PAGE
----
I used to paint homes, hang wallpaper and drywall for 4 1/2 years before going to design school in NYC. I was a horrible high school student and I needed time to figure out what I wanted. In the beginning, I was a laborer, hauling buckets of wallpaper glue up ladders for 12-15 hours a day. That taught me an unruly work ethic. Later, it showed me how fortunate I am to be doing what I love, and how lucky I am to do it in New York. I try not to take any of it for granted. The way I see it right now, being a designer is a duty, not a career choice.

How did you get started? 


Having mentors and constantly making things. My old creative director, John Fulbrook, hired me right out of school as a book jacket designer for Simon & Schuster. Soon after that, he left the publishing world to become a creative director in branding, and he took me with him. I will forever be indebted to him for helping my career blossom. I think it’s paramount to find someone that will help guide you, beyond design, in a way that teaches you more about life. I remind my students about this often. As for the illustration stuff, it came as a result of wanting to explore different things, and to get my name in the Times so I could impress girls. Isn’t that what it’s all about, anyway?

Worked for us...


How did you come up with your Valentine’s Tweet-a-thon?


After leaving Apple (yes, THAT Apple) in October, I promised myself that I would make more time for personal projects. I started thinking about how much time I spend on Twitter, and how I don’t know most of the people I chat with. So I wondered how I could honor these virtual relationships? However, as many of us do, I beat myself up with doubt and fear: How could I possibly draw a valentine for every single one of my Twitter followers? Why would it matter? Who would care? Einstein famously said, “If at first the idea is not absurd, then there is no hope for it.” I tried convincing myself NOT to do it. Luckily, my good buddy Erik Marinovich encouraged me to follow through with it. In the end, it was extremely rewarding on many levels, and I was very touched to see how much it resonated with people.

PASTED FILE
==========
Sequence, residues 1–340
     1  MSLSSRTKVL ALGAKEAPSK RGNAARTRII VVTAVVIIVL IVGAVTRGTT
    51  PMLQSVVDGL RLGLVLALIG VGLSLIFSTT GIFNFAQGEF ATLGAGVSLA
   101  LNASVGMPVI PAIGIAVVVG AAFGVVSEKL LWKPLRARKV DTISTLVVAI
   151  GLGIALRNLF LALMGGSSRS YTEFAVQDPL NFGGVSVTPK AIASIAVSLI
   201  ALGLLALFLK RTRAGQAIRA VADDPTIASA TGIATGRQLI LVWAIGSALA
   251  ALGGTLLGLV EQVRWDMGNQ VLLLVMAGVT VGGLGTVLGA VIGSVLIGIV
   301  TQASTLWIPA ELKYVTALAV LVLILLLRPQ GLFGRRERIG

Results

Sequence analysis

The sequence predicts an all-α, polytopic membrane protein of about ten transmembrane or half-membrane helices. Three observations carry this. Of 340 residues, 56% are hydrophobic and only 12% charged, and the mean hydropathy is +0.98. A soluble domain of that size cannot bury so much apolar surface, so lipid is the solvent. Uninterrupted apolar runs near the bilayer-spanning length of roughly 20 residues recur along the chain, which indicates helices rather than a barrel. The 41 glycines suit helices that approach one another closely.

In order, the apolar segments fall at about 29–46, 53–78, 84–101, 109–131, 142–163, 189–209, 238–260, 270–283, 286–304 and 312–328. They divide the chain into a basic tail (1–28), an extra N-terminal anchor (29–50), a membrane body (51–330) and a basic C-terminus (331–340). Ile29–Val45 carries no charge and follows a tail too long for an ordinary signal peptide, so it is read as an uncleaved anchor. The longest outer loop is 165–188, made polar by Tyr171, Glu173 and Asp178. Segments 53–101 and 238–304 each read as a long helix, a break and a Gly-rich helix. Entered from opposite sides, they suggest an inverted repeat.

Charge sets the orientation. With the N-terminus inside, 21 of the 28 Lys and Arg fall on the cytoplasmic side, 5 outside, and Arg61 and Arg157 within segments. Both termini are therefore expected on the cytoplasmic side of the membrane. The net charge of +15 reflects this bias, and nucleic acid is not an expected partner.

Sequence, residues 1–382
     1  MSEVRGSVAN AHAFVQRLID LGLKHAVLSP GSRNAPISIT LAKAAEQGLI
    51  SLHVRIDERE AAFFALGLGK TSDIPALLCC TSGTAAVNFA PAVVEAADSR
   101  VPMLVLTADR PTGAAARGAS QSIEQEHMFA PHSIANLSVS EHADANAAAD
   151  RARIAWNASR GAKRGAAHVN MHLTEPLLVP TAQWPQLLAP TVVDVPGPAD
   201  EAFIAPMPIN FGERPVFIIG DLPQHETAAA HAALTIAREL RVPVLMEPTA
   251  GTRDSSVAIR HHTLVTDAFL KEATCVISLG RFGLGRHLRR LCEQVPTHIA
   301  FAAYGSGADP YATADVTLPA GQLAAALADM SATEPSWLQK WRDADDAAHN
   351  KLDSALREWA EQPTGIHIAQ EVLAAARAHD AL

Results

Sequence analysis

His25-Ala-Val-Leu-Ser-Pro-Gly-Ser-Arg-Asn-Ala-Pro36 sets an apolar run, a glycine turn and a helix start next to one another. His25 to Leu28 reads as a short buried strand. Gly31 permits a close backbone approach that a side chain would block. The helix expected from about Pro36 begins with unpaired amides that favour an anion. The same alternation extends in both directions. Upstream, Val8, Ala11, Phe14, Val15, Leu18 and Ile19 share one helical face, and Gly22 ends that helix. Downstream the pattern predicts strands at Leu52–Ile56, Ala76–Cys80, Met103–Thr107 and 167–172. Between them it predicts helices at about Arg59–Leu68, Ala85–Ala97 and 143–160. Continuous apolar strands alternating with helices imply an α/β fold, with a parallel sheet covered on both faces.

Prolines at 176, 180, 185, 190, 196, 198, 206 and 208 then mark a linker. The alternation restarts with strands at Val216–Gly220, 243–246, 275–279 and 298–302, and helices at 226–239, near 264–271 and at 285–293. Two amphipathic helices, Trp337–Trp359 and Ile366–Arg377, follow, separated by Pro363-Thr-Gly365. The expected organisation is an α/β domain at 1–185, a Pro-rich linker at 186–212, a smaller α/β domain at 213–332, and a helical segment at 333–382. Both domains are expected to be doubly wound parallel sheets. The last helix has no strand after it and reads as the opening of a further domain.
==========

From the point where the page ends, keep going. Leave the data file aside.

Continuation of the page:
One look, a flutter, and some eyelash batting/tweeting and we knew...

...this was a Sharpie match made in heaven.

You have been a part of some pretty incredible stuff; your work at Apple, the Ace Hotel, features in the New York Times, Wired and Time magazine, JUST to name a few, what accomplishment do you wish you could have unlimited bragging rights on about?


I’m proud of the work I’ve been able to do, and I feel fortunate to have so many inspiring and encouraging friends, mentors, and colleagues around me. Nothing is done without them. While I leave the bragging on the resume, I do pull out the Apple card a lot. They’re the most successful and innovative company in the world, everything they touch is a smash, the whole world watches them, and every client wants to be them. And besides the fact that my mother questions me at least once a week with that Are you sure you didn’t make the biggest mistake of your life by quitting? tone in her voice, I’m happy with my decision to quit and move back to NYC.

How did you come to contribute to the Art Director’s Club (ADC) bathroom ?


The wonderful people at the ADC asked four of us (Mikey Burton, Chris Rubino, Rich Tu, and myself) to create a mural in their ladies room. With only one Saturday to do it, we had to think fast and act quick—and luckily we came to an easy agreement on concept and execution. And let me tell you, there’s nothing like four dudes sweating in a bathroom all day! After some initial emails during the weeks before, we decided to shower the walls with compliments and an array of ‘lady etiquette.’ After all, shouldn’t all respectable ladies know that a beautiful dress can be ruined by wearing lumpy, baggy underwear?